Boyka: Undisputed 4 (2016)

Scott Adkins enjoyed playing Yuri Boyka, gone from foil to Michael Jai White to deeply religious (and newly escaped from prison) ass-kicker; he wanted to make a part 4 based on Boyka but as he honestly told fans, money was pretty tight in the low-budget world and there just weren’t the same investors any more as there were in the heyday of Van Damme, Seagal, etc.

But luckily for us, by 2016 they’d rustled up enough money and we’re back with our favourite Russian MMA-ist, significantly more humble than the man who screamed in part 2 that he was the world’s most complete fighter but no less deadly. He’s living in (unspecified Eastern European place, but probably Ukraine) and, having spent all the money he made in part 2 on donations to his local church and repairing his still-injured knee, he’s working hard to get himself onto the official MMA circuit and start earning some decent money.

I feel like I’m burying the lede, because the first person we see is the Big Bad, a monster who needs a face mask and four guards holding him with those pole things, a prison fighter by the name of Koshmar (the 6’8”, 320lb Martyn Ford, one of the scariest individuals you’re ever likely to see). He’s fighting in Boyka’s old stamping grounds, and sort of casually beats his opponent to death. Now, if I was a fighter and this dude was in my prison, or league, or general area, I’d 100% take a month in solitary confinement over taking him on! Now, you sort of know how the movie is going to end, but the prospect of what’s going to happen when Boyka and this monster get together keeps you pretty riveted throughout.

In a rather interesting parallel, Boyka has a fight to qualify for the big leagues, and in a brilliantly-filmed but rather one-sided fight, he also kills his opponent, just accidentally. Because he takes his faith seriously and thinks deeply on what he’s done, he decides to take his winnings from the fight and give them to the dead man’s wife. Problem is, she lives in Russia, and he’s still a wanted fugitive there, so he needs a fake passport.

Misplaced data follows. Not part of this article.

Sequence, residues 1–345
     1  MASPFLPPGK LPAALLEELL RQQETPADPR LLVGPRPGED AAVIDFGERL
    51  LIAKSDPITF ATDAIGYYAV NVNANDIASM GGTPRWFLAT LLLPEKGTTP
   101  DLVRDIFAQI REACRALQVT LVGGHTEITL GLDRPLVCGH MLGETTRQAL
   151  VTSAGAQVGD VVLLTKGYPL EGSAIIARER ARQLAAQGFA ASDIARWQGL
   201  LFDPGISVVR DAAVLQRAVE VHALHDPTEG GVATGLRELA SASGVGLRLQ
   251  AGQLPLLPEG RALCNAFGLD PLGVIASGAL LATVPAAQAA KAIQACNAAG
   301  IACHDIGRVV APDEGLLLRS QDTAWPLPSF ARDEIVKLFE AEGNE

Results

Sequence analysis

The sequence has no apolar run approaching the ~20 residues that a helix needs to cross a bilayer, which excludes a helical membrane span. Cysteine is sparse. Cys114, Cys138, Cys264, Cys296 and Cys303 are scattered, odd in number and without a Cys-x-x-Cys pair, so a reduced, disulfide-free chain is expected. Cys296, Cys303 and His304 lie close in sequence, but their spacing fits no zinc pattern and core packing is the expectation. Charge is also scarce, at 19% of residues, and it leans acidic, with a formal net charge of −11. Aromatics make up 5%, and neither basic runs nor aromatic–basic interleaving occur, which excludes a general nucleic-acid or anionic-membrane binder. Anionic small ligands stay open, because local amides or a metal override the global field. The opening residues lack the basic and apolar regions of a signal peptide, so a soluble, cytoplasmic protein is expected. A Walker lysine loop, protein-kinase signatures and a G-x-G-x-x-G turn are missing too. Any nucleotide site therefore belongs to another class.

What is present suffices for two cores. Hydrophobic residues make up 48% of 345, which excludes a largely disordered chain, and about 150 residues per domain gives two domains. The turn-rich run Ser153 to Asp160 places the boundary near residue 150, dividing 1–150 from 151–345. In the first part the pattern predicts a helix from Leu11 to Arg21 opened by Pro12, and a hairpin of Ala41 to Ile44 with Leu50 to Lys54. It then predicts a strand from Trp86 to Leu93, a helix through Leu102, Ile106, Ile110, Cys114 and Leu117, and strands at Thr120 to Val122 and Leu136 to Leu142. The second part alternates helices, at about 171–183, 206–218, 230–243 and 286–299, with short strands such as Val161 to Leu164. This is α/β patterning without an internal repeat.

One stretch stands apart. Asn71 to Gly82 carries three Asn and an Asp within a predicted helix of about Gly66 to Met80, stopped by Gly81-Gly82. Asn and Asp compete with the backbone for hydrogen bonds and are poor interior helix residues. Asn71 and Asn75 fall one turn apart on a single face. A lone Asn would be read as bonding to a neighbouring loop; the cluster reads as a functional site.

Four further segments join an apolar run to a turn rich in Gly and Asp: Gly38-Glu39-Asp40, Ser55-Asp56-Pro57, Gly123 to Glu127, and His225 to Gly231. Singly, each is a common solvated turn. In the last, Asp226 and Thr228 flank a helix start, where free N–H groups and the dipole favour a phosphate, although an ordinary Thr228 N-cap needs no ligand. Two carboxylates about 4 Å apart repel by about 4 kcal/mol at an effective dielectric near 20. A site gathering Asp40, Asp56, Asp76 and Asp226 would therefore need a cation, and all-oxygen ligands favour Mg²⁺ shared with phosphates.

In one of those “really? They’re going with this as the plot?” choices, the dead fighter’s wife, Alma (Teodora Duhovnikova), runs a community centre and (along with her dead husband) had to take a loan out from a local gangster by the name of Zourab, who also runs…a nightclub with an MMA ring in the middle of it! Can you tell what’s going to happen? Yes, she rejects Boyka’s blood money so he approaches Zourab (who wants Alma for his very own) and offers to fight for him three times to clear Alma’s debt – but because he only has a very short amount of time before his big fight back in (unspecified country), he has to take all three fights in a week.

So, for the next half-hour, we get what amounts to a very long training montage. Boyka slowly wears Alma down with his quiet, decent nature, he discovers he likes showing the kids how to defend themselves, and he beats the crap out of a bunch of tattooed Russian guys. It’s only when we get down to the final fight, against the best fighter in the club, that we begin to wonder “when’s that Koshmar fella turning up?”